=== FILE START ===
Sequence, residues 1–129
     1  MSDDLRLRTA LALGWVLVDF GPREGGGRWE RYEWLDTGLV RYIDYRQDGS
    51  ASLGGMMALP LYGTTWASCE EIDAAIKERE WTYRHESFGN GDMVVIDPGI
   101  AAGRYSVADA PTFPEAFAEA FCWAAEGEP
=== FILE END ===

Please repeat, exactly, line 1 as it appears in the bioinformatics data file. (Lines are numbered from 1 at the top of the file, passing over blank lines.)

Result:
Sequence, residues 1–129